Things I’ve observed about having a TALL child

Things I've Observed About Having a Tall Child

A Teen Driver.

The oldest is about to venture out on his own.

Driving without me or his father in the seat next to him.

This is happening Sunday, to be exact.

If you’ve been following along with me for a while you may remember that he lived through and fully recovered from a traumatic brain injury (epidural hematoma) at 12.

And that he recently turned 16.

In Virginia, you must be 16 and 3 months to move on from a learner’s permit.

A boy and his car

Car Shopping.

Searching for a vehicle for him has been an ordeal that has been going on for months.  He is 6’5″ when barefoot.  If you have never seen a tall person driving a car.  Let me tell you what this means.  Typically, the seat is placed as far back into the recesses of the vehicle that its rails allow.  Then the steering wheel is raised to its highest position.  If you have a telescopic wheel, that may end up being pulled out for their arms be in a comfortable position since the body is so far back.  We have searched and searched with the main problem being that his knee hits the steering column when pressing the brake.  I have long legs and have driven (not owned) cars where this happens.  It requires you laying your knee to the side when depressing the brake, not the safest situation.  So any car where this happened to him was a “no go” in my book.

Learner's Permit

We thought we would end up with a mid-size SUV or truck for him.  My husband recently traded in his vehicle for a Mustang.  We knew our son was able to fit into my husband’s car and we ended finding a used one (update: he grew some more and his head touched the roof, another “no go” in my book, so the vehicle was traded for another. FYI- a Dodge Charger has one of the most spacious hip, leg and headroom areas in a sedan).


Observations about tall people.

The ordeal made me think about the other things that go along with being tall.


At a size 15 update: at age 18, it’s now a size 16) shoe, ordering them online is our only option.  Thank goodness we live in a day and age where that is possible.  Certain shoes that he may like only make some styles up to a 13 or 14 and a certain athletic shoe that runs small does not fit in a 15.

Shirts and Pants.

His inseam is 36″.  There is one department store that sometimes carries Levi’s in this length.  His preference for American Eagle must be ordered.  Luckily, there is a store in the mall for returns because we learned which cuts worked through trial and error. A lot of teen brand T-shirts are a hit or miss on if they are long enough for his torso.  Big and Tall sections don’t help, it seems to mean tall and round. So we hunt for an athletic fit.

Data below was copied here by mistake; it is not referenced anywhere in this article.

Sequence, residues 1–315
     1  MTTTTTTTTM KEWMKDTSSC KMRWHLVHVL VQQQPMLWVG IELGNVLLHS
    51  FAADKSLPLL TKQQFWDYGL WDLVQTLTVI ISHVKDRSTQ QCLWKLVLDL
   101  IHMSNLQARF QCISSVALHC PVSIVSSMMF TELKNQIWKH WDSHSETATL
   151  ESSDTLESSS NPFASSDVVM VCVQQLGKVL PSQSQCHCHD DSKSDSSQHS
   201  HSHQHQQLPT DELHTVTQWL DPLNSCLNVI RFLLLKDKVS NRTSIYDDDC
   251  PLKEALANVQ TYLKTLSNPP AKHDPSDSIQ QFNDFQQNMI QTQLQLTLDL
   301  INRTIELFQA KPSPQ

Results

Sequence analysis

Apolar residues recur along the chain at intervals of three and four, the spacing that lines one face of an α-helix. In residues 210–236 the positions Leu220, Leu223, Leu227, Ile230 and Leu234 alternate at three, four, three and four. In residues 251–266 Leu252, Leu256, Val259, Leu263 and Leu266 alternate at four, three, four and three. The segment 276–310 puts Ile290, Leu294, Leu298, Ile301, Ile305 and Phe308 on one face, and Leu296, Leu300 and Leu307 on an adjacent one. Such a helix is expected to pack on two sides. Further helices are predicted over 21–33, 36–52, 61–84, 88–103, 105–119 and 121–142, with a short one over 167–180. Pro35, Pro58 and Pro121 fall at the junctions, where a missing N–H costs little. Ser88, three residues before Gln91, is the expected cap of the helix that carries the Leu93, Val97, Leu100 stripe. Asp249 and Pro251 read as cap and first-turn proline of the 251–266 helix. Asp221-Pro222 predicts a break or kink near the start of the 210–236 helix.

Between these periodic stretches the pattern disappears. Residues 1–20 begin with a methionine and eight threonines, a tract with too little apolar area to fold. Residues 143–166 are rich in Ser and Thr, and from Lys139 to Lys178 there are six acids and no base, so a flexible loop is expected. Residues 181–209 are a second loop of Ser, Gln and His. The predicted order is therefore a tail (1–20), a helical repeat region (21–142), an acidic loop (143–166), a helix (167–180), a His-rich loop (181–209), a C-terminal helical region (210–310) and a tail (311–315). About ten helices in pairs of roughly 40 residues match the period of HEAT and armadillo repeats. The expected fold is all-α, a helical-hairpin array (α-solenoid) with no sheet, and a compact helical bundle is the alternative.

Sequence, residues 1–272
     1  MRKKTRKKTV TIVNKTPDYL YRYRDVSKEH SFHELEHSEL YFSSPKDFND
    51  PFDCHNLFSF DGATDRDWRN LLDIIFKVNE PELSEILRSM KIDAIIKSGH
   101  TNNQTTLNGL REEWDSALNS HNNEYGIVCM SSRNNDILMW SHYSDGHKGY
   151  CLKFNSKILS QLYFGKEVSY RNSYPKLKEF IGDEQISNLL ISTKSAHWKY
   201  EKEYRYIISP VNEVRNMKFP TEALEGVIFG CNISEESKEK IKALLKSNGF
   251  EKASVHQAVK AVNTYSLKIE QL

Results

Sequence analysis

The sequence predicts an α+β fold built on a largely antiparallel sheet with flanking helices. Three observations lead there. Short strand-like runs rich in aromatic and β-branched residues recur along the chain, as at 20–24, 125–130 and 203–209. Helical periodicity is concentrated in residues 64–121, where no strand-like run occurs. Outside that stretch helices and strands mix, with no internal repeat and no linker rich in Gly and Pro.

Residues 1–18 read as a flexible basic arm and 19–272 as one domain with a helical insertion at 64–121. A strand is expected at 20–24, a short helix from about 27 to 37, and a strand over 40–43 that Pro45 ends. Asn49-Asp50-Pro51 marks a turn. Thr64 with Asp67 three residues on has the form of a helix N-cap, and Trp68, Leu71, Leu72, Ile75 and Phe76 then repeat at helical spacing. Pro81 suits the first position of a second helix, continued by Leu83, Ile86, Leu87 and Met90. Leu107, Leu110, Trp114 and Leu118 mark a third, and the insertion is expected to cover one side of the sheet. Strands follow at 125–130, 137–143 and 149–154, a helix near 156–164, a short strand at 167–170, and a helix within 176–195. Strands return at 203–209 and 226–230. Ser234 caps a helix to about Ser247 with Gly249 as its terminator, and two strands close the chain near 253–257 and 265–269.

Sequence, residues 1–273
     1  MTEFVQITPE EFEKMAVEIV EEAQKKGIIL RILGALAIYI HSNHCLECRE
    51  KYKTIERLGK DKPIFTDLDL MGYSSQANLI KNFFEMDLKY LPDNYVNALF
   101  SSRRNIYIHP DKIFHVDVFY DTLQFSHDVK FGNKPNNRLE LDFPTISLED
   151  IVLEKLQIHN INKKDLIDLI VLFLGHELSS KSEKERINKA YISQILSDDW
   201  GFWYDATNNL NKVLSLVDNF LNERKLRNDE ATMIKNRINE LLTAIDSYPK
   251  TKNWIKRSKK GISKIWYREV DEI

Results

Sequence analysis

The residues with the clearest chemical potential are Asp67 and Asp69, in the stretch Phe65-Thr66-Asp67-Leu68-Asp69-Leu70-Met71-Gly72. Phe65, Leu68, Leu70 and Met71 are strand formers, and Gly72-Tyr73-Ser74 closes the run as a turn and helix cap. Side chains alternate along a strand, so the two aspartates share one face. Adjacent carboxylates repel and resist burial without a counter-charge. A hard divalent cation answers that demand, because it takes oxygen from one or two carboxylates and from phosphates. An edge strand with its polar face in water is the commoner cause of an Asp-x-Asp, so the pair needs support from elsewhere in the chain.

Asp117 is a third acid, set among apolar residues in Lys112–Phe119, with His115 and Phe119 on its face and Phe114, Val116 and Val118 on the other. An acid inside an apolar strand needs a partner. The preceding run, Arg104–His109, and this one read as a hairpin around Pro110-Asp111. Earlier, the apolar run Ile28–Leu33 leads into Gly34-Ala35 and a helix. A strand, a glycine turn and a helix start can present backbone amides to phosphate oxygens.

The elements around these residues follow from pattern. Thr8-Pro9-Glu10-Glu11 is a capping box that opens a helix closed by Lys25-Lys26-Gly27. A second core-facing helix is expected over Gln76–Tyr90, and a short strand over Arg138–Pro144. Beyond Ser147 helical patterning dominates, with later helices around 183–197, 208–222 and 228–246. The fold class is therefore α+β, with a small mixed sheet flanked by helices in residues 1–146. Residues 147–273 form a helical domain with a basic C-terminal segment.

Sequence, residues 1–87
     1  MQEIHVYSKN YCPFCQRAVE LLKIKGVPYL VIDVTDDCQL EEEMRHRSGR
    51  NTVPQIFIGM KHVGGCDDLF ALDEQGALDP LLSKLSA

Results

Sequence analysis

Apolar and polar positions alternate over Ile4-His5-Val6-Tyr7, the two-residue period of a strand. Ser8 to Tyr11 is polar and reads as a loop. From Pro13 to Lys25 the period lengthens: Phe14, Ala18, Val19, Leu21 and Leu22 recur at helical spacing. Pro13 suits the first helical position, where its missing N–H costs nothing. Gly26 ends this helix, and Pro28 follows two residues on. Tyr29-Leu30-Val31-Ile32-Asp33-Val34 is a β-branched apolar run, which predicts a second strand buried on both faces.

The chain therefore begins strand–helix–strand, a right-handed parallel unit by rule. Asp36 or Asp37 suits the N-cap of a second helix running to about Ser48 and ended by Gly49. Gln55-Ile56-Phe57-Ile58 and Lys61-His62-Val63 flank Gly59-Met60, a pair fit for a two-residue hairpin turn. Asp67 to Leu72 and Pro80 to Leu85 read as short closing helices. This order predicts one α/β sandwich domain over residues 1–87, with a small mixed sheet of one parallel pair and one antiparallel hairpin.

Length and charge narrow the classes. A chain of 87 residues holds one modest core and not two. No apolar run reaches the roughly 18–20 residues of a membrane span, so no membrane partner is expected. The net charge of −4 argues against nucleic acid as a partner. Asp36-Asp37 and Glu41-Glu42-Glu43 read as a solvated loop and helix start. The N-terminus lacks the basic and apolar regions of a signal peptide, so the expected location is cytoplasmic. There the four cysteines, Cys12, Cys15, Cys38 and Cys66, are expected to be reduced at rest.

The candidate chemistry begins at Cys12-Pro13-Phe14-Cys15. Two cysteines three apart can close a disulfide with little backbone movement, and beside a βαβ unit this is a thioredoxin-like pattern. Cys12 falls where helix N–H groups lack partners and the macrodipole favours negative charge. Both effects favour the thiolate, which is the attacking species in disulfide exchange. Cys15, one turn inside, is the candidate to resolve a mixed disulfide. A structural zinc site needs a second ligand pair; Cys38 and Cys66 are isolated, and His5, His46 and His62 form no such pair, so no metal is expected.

And lastly, socks.  Yes, those one size fits most.  Well, he’s stuck with packs of black or white Under Armour with an occasional Nike Elite when I’m feeling financially generous (2 pairs cost more than the 6 pack of the other) and forget about the trendy ones.



Another observation with a tall child is the fact they will always be asked if they play basketball.



Where does it come from?

And my last one is personal.

We are always asked where he gets his height.

Lots of times from complete strangers.

This one bugs only me.  The go-to answer usually is “oh, there’s some throughout the family”. Based on my limited findings, in the U.S., the average height for a male is around 5’10” (my husband fits the bill) and the average height for a female is 5’4″ (oh wait, I’m 5’8″-not supermodel height, but quite a bit taller than the average).

I realize that this question shouldn’t bother me.

But it does.

And here’s why.

As a tween and young teen, I towered over everyone.  I have distinct memories of being able to see over a sea of heads in school hallways.  I remember standing next to my mother (who is right under the average height) and asking why I looked like the  “Jolly Green Giant” next to her.  And why were my shoulders so broad and my feet so big.  My jeans were never long enough and by the time I was in my late teens I switched to men’s jeans to get the inseam I wanted (glad they’ve remedied this).  My mom was great at positively affirming my features, but they still bothered me.

Sports cars, men’s jeans, and teen angst!

When we found the paperwork on my Scottish great-great-grandmother and it said she was 5’6″ in the 1920s (at age 64), I realized I must take after her.  I have learned to be content with those things that bothered me when I was younger.

Self Esteem.

Some of those features I’ve come to admire.  And that comes from the fact that my kids have long legs, broad shoulders, and big hands and feet because I do.  So while I smile and uncomfortably say “oh, there’s some throughout the family”, inside I am thinking “well, at least SOME of it came from me”.  I am learning sometimes what I thought was a curse is actually a blessing.

I praise you because I am fearfully and wonderfully made; your works are wonderful, I know that full well.  Psalm 139:14

Let your light shine!


21 thoughts on “Things I’ve observed about having a TALL child